The engraving of her tomb is as follows:
noble she was condemning all things mean
her truth unquestioned and her soul severe
shame knew her not, she dreaded no disgrace
truth, simple truth was written on her face
Husband: Tan Cheng Yong
Tan Chen Yong is the eldest son of Mr. Tan Hap Leong and grandson of Mr. Tan Kim Tian, a prominent merchant and shipowner of Tan Kim Tian and Sons. An notice for arrangement of marriage between Miss Lau Lan Neo and Tan Cheng Yong was made in the papers in 1916. After the passing of Madam Lau Lan Neo, Tan Cheng Yong remarried. Mr Tan Cheng Yong (eldest son of the late Mr Tan Hap Leong) married Miss E. Chye Neo, youngest daughter of the late Mr E. Kong Siang in January 1929.
Father-in-law: Tan Hap Leong
Tan Hap Leong (Tan Hup Leong) had the honor of being the first Straits born Chinese to undertake a travel around the world for leisure in April 2, 1895. His route brought him to Penang, India, Marseilles, Paris, Germany and England. His return was via way of America, Japan and China. He carried with him letters of introduction from several members of the mercantile community (namely Messrs. Paterson Simmons ) and Foreign Office passport, a certificate stating he is a British subject and assurance of British protection, the first Straits Chinese to obtain this privilege.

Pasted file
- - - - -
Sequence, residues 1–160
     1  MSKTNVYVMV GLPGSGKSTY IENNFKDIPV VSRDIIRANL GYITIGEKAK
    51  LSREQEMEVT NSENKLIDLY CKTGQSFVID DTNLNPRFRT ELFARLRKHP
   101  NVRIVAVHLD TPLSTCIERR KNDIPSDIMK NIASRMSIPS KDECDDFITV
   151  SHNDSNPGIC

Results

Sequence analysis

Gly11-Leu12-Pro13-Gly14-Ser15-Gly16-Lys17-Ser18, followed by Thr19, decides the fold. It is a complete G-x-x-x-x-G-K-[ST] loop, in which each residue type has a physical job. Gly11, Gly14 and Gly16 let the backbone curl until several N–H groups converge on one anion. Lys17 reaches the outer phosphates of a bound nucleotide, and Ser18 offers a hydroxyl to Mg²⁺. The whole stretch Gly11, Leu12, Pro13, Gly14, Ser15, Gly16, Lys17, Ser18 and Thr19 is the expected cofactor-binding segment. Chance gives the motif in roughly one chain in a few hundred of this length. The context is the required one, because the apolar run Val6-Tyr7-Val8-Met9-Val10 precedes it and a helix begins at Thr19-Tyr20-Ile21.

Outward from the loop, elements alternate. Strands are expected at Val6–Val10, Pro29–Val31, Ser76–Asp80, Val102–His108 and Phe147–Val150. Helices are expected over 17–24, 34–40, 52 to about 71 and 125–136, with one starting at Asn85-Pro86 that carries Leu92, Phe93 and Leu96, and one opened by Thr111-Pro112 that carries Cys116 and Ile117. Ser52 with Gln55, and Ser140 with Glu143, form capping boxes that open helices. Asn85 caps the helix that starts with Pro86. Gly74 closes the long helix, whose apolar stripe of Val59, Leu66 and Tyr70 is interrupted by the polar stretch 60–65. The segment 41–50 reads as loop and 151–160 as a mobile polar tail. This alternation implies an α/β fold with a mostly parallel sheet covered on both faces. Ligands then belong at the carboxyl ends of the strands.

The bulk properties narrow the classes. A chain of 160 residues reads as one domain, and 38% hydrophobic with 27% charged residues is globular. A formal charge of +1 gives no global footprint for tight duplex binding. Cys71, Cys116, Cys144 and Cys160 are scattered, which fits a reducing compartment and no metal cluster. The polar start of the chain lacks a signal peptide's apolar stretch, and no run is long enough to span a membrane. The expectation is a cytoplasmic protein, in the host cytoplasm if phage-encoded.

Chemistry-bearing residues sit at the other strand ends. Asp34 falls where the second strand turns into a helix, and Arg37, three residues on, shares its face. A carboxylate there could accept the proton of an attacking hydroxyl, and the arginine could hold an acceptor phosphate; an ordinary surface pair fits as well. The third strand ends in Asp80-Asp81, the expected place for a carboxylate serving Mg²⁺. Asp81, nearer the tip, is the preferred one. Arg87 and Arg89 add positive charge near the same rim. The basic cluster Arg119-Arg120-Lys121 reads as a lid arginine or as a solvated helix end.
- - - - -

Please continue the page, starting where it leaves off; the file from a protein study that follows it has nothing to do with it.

Tan Hap Leong was one of the pioneering members together with the Tan Jiak Kim, C.M.G and Dr Lim Boon Keng in the formation of the Chinese Volunteers and had the honor to accompany the local Straits contingent to London for the Coronation of King Edward VII. He was also a leader of the reform movement, being one of the Straits Chinese who braved opinion and tradition to cut his queue way before the fall of Manchu Dynasty. A well traveled man, he shared how he was dubbed as "Prince Tan Hup Leong". It was in a P. and O. ship and he was traveling with the Viceroy of India during the period of the Russo-Japanese war (1904-1905). In a dinner on board, instead of wearing the customary western evening suit, he wore a full manchu costume and sat next to the Viceroy. Rumors circulated that he was an Oriental Prince send to England to mediate the Russo-Japanese war and when he arrived in London, he was greatly astonished by the great interest in his arrival.
|Tan Hap Leong (arrow in red) with the rest of the Singapore contingent|
Dr Lim Boon Keng (in uniform) is seated extreme left, middle row
ReferencesLocal and General. (1916, February 21). The Malaya Tribune
Births, Deaths and Marriages. (1928, September 10), The Malayan Tribune, page 8
Untitled. (1929, January 30). The Singapore Free Press, page 10